On Monday, Oregon became the first state in the nation to use DMV records to automatically register residents to vote.
Officials estimate the new policy will add about 300,000 more voters to the rolls right away, and could eventually reach cover nearly all of the estimated 860,000 people currently unregistered but otherwise eligible to vote. Those who don’t want to register can opt out within 21 days.
Oregon’s newly sworn-in Governor Kate Brown said she was “absolutely thrilled” to sign the bill into law. “This is about making government work better,” she said at the signing ceremony. “When someone moves to Oregon, why should they have to fill out multiple forms for multiple agencies? We have the tools to make voter registration more cost effective, more secure, and more convenient. Why wouldn’t we?”
The law’s enactment comes as states across the country explore ways to boost the US’ dismally low voter turnout, introducing bills to allow residents to register to vote online, cast their vote by mail, and restore the voting rights of felons who have served out their sentences.
“I challenge every other state in this nation to examine their policies and find ways to ensure that there are as few barriers as possible in the way of a citizen’s right to vote,” said Brown. “Your vote is your voice and every single voice matters.”
One state ready to accept that challenge is Vermont, whose Secretary of State James Condos told ThinkProgress that an automatic registration system “just makes sense.”
“Voter participation among millenials is critical going forward, and we need to find ways to get them more involved,” he said, noting that young men are still automatically registered for the draft unless they opt out. “If the Selective Service can do it, why can’t we?”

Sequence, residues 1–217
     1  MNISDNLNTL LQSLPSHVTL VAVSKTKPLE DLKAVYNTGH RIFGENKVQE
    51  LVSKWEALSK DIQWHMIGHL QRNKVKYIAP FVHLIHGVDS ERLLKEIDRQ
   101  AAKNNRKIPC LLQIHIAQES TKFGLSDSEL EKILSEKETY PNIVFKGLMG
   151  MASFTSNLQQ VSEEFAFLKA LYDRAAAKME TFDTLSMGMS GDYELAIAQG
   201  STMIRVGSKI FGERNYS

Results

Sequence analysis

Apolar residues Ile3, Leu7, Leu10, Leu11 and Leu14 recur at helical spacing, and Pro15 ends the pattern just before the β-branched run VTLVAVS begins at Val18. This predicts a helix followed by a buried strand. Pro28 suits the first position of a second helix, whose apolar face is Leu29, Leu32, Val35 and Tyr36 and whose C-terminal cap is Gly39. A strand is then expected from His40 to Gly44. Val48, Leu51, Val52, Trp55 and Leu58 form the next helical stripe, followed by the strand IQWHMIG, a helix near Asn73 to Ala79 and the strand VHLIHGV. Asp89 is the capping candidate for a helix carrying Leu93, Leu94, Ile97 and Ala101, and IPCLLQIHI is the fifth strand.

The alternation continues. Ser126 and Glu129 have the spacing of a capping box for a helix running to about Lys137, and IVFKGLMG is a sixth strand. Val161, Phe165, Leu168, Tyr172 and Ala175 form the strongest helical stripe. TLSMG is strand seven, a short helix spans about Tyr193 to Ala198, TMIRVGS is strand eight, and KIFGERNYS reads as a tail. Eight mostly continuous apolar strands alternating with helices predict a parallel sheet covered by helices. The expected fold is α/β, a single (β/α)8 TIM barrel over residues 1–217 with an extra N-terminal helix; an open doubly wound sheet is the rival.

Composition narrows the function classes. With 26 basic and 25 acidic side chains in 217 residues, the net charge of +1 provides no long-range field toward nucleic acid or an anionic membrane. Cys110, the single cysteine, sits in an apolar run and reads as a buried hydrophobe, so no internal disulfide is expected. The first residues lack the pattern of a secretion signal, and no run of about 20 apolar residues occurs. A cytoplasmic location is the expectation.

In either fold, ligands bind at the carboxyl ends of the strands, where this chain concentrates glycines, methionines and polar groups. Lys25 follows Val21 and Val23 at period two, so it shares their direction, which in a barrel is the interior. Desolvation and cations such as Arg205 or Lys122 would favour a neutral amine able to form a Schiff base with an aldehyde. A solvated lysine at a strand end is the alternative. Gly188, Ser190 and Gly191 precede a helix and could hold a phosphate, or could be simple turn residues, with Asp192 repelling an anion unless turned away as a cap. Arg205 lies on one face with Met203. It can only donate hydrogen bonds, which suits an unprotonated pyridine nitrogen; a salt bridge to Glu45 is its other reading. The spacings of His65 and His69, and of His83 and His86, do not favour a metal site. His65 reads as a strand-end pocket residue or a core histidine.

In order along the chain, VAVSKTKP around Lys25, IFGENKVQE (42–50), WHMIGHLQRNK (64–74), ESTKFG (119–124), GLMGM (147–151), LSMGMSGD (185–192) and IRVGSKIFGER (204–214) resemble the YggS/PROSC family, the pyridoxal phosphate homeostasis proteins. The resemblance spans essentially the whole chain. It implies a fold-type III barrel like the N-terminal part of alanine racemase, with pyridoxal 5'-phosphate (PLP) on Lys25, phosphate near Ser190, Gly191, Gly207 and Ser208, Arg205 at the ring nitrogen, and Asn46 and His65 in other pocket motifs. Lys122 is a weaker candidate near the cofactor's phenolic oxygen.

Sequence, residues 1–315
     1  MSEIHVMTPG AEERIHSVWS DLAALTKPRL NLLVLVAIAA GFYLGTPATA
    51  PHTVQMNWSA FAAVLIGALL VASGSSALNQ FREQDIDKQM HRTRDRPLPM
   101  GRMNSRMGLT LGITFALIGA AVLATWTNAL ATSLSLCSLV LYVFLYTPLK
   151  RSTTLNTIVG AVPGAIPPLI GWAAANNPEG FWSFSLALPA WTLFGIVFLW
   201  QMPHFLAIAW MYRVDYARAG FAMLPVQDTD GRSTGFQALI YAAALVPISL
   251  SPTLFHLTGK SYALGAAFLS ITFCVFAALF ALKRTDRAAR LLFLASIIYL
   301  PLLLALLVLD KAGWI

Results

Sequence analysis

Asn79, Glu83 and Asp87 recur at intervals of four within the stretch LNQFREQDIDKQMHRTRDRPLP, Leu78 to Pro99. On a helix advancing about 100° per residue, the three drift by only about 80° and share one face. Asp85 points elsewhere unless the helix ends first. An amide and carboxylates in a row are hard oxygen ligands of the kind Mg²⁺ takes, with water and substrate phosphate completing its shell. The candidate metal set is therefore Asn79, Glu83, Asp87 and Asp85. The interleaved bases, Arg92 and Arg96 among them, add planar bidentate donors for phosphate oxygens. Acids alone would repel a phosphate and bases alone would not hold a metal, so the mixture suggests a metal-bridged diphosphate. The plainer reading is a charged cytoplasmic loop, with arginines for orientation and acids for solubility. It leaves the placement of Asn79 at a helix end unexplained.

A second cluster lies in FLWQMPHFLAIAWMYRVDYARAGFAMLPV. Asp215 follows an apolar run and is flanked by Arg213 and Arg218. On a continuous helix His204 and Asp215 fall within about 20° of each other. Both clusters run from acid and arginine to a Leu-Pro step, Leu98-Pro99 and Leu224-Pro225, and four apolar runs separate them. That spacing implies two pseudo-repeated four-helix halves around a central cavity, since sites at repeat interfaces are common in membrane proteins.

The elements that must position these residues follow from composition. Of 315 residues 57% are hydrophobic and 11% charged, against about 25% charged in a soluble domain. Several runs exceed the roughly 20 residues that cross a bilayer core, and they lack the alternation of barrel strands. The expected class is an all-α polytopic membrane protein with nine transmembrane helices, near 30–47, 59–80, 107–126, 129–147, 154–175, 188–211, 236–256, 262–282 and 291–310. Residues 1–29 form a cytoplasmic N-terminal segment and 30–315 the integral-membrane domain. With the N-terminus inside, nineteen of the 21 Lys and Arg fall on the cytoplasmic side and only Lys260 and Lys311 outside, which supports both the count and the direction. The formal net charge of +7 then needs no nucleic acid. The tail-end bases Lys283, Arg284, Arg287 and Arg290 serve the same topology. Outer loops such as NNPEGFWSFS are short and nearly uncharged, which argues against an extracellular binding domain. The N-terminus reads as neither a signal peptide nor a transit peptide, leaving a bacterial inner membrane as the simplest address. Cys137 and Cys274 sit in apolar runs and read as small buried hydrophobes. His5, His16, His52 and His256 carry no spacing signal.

In a follow-up email, Condos said he’s currently working with Vermont’s DMV on upgrading their technology so that such a policy might be possible in the future, which he said would “benefit democracy in general as it will, most likely, increase voter turnout.”
Condos is also pushing state legislators to pass a bill currently before them that would allow same-day voter registration. A recent analysis of the 2014 midterm election found that states that allowed voters to register on Election Day had 12 percent higher turnout than those that did not.
“While many states are going the wrong way by adding restrictions, such as voter ID requirements, it is refreshing to see new state laws that support a citizen’s right to vote,” he said.
Oregon already has one of the most accessible voting systems in the country, with ballots mailed to every registered voter that they can drop off anytime in the weeks leading up to Election Day. Governor Brown and other repeatedly stress that such voter access policies are non-partisan, as it benefits everyone to have higher participation rates.
But Republicans in the Beaver State, including Director Greg Leo of the Oregon Republican Party, disagreed. “We make it so easy for people to participate that I worry they won’t take the time to be an informed voter and to really study the issues,” he said.
Other Republicans argued the policy would increase voter fraud, even though the DMV requires applicants to bring proof of their citizenship, age and address.
There has long been a perception that efforts to make voting more accessible disproportionately benefit Democrats, but as Colorado’s first all-mail election in 2014 proved, the pendulum can swing either way.
Though Oregon’s new system has won praise from voting rights advocates across the country, including the League of Women Voters, it only covers those who have gone to the DMV for a license or ID since 2013. Same-day registration is still not available in the state.